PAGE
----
We complete our clock module by adding a halt signal and test it with our address register. Now our (future) programs won’t have to run forever.
In this series we’re building a homebrew CPU, and so far we’ve built an address register, and we’ve almost completed our clock module.
The last feature our clock module needs is a halt signal, and this is kind of exciting because it’s the first time we’re adding feedback between the modules.
Feedback allows for more complex systems and eventually Turing-completeness. Now, we’ve got a long ways to go before we’re computing anything, but this halt signal will allow us to create programs that have an ending
instead of just running until we shut the power off.
So what does a halt signal look like? Normally the halt signal will be low and our clock will be running and advancing our address register.
When the halt signal goes high however, the clock will stop.
First notice that we have an inverse reset pin on our 555 timer.
This is the perfect way to stop the clock.
When it’s high the clock is running and when it’s low the clock is stopped.
So one inverter and we’re done?
This is where the feedback comes in.
The clock drives the rest of the CPU but the CPU tells the clock when to stop.
There’s an interesting problem here.
What if the CPU starts in a state where it’s telling the clock to halt?
Nothing will ever happen. The program won’t start.
In the last video we built a reset circuit that comes on automatically at power on.
If the reset can be allowed to make the clock run even when halt is high then we won’t be stuck.
This will also mean we can use the new reset button to restart a halted program, and that’s pretty handy.
This sounds like some more digital logic.
The clock runs when reset is high or when the halt signal is low.
If we use an OR gate to implement this logic it will look like this.
We need an inverter for the halt signal and one OR gate.
We saw in the last video that we can use a NAND gate to make an inverter
and we have one of those left over.
So that means we need just one more chip to implement our halt logic, right?
What if we could do better than that?
We have one NAND gate remaining.
This is the logic table for a NAND gate.
It has three high outputs just like an OR gate.
If we connect the halt signal to one input
we can see we need an inverted reset signal as the other input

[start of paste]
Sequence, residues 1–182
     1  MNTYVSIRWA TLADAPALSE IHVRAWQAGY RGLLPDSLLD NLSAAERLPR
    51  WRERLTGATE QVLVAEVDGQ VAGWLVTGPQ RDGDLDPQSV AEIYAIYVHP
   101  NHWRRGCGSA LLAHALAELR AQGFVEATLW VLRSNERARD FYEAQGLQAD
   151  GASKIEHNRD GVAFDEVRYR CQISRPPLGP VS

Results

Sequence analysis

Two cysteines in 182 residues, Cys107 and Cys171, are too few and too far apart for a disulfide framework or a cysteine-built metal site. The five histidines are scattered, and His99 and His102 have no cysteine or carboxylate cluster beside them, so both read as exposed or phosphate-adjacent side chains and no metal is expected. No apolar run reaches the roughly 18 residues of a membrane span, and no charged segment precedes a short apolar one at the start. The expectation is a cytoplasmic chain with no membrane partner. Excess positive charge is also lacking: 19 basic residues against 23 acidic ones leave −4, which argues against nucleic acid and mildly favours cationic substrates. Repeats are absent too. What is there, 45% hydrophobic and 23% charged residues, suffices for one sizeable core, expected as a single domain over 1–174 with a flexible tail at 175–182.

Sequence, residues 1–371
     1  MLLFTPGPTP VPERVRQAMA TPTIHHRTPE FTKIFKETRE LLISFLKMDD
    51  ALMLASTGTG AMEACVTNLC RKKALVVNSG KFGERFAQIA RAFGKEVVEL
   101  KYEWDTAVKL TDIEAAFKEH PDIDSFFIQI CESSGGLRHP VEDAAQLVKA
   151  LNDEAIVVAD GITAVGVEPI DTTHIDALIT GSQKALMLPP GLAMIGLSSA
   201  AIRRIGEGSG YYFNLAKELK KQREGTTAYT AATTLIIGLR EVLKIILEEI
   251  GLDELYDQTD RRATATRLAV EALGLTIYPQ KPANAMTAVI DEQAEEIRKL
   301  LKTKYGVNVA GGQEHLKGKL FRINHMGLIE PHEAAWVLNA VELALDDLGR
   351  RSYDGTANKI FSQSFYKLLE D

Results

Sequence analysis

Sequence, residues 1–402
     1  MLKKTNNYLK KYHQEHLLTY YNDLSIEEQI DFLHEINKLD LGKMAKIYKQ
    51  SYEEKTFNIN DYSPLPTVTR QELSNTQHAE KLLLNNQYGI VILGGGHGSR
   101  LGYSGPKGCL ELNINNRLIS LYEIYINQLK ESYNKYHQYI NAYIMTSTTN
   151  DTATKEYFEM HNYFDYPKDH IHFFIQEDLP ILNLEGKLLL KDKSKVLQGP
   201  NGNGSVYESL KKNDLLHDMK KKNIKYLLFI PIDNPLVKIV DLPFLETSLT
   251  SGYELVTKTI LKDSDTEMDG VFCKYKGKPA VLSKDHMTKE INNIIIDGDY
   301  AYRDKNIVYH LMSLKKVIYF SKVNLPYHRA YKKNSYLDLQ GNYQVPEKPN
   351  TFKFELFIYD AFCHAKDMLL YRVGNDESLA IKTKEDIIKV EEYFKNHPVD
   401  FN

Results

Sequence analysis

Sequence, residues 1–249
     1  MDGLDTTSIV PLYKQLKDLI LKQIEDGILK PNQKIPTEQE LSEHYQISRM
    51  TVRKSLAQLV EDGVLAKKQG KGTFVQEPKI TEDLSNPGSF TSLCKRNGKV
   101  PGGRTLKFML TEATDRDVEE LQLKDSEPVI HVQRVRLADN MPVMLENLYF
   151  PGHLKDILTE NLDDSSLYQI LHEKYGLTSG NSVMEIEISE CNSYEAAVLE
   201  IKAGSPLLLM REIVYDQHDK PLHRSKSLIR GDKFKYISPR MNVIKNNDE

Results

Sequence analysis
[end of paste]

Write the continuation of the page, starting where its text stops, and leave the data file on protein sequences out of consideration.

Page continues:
to get our desired output.
Well look at that.
We have an inverted reset right here that we use to drive the inverted reset on our counters.
That means we should be able to add a halt signal with no additional chips.
So let’s do that.
Disconnect 5 volts from the inverse reset pin on the 555 timer and connect it to our NAND gate output instead.
Connect our inverse reset to one input.
The other input is our halt signal.
Use a red LED to show the state.
Connect our halt signal to zero volts for now.
When we bring halt high the clock stops.
There’s something satisfying about minimizing parts like this.
our one quad NAND gate chip is providing a delayed initial clock, an inverse clock, an inverse reset and halt functionality.
If that’s not exciting, instead of minimizing parts
we could be optimizing for simplicity, or performance, or features.
There really are endless puzzles to solve when designing electronics projects like this.
Let’s connect our halt signal to bit 9 of our address register.
Reset starts our addresses counting again.
Once bit 9 is set the clock stops again.
We can connect halt to one of the terminal count outputs. This should stop the clock when all the bits to the right are “1”.
Had some power distribution issues. Moving the power connector seems to have helped.
With the halt signal on bit 13 our address will count from 0 to 8192 and stop.
When we build more of the CPU we could add a control line and a halt instruction or we could add a jump instruction and use bit 15 of the address register.
For now our clock module is complete.
In the next video we’ll see how to read values from our EEPROM using our address register.
I hope you enjoyed this video. See you next time.